Disclaimer · Last updated June 15th, 2019.
I've been interested in computers since I was very young. The first computer I used was a Dell running on Windows 98 and I remember playing
learning games (I was about four). When I got a bit older, I started playing various video games on a newer PC. It wasn't until maybe age thirteen or so that I was introduced to the world of programming.
I was pretty self-driven as a child, and I had founded a gaming community called Crosswind. This required me to hire Lua developers and do some (very) basic coding and configuration myself — it also happened to be the project that made me realize I love entrepreneurship. I was able to work with others on a project that I was completely invested in - both emotionally and financially. Luckily, with over $500 in donations from patrons of the community, I was able to cover the expenses of running our servers ($52/mo) on OVH.
A few years passed, and I founded a few business projects. The first was a clothing line called APXGoods and I used Shopify. For this I only had to do a bit of CSS styling but it was very minimal and not-so-technical.
After this, I developed a (somewhat fleeting) obsession with machine learning and artificial intelligence — honestly, it was just because I thought the movie Ex Machina was really cool. But, good things did come of it. I bought a big book on artificial intelligence, read about some fundamental concepts, researched neural networks, decision trees, random forests, and a bunch of other things. When I was seventeen, I ended up developing a convolutional neural network in Python with Keras and Tensorflow. By piecemealing toegether various snippets from tutorials, documentation, and my own Python knowledge — I was able to create a cool program. With relatively low epoch/training settings, it can classify and delineate between two different types of images (ie: a rabbit and a squirrel).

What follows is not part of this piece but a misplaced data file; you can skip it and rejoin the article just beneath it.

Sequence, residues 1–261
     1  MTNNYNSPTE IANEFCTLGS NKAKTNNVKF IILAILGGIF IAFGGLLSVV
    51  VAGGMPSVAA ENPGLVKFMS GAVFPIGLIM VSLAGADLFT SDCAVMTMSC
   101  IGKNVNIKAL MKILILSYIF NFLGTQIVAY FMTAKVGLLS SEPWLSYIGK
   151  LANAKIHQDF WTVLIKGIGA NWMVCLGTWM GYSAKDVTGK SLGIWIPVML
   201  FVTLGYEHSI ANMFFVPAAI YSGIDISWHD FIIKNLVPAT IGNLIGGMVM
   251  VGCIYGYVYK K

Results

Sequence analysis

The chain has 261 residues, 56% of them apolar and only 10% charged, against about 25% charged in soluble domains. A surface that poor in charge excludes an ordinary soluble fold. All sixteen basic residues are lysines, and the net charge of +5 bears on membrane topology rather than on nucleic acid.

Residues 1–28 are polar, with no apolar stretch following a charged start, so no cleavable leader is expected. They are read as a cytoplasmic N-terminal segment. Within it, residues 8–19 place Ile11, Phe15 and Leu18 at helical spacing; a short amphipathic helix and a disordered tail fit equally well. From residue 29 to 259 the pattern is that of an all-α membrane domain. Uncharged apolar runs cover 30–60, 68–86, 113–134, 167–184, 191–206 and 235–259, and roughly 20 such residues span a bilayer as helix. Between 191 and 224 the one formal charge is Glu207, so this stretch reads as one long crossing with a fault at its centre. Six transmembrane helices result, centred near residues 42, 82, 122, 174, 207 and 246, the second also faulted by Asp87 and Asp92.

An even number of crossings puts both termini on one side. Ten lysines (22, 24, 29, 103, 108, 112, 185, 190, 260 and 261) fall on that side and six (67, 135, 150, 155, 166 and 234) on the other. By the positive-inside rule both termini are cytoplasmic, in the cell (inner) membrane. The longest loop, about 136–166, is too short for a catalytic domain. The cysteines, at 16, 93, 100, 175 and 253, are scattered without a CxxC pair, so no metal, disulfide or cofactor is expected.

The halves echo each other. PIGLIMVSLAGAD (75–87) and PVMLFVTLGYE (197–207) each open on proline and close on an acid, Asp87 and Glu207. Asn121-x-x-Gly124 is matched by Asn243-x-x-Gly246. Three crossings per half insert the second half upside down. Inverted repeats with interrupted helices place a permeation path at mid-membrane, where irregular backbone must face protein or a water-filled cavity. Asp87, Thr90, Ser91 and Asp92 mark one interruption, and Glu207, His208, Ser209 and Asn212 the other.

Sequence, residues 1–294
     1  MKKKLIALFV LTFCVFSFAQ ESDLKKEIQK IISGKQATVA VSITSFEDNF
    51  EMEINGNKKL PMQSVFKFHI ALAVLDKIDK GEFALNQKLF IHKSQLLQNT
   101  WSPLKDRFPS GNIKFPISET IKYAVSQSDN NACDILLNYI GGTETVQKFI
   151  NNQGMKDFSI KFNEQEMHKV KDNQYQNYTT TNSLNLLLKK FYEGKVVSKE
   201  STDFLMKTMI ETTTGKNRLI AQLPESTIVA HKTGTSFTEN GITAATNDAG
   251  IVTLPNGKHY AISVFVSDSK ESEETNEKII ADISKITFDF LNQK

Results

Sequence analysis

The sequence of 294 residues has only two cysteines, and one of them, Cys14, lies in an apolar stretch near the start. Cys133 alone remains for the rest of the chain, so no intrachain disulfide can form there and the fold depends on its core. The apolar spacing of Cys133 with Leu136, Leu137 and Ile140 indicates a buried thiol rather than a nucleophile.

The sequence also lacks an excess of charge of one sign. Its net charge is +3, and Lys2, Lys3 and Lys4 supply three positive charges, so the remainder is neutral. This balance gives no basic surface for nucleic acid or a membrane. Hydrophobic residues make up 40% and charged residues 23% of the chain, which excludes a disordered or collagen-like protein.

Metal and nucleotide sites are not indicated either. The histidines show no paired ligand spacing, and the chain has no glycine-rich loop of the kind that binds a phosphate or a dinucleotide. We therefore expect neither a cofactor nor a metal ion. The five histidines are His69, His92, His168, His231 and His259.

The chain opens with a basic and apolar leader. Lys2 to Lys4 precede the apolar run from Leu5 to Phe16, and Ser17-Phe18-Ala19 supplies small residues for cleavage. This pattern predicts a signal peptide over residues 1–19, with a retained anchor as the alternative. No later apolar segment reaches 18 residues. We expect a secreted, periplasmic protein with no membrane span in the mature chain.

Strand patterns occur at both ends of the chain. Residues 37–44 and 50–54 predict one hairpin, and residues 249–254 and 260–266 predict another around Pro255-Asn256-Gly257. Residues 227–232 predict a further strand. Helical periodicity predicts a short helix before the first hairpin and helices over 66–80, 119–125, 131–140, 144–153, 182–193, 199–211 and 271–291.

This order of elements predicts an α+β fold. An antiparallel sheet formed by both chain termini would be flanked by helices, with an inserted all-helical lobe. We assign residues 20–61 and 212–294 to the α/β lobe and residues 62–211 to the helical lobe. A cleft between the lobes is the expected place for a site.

It wasn't until the last year or so (2018-19) that I have learned and shipped products in Ruby on Rails, or done backend work for that matter. I've gotten very good at it, and I recently started a company called Synthate as a result. Here, me and a couple of trusted peers provide web development services for a flat subscription fee. I hate the feeling of getting ripped off, or at the very least being held at the whim of someone else — and that's part of the reason why I created Synthate, as a flat subscription fee tends to align incentives a bit better. Plus, people know what they are paying at all times. In addition to doing client work under Synthate, I release various independent projects and products under Synthate, LLC (we're a Delaware Corporation for tax and funding reasons), and I code a lot in my freetime — probably too much to be healthy.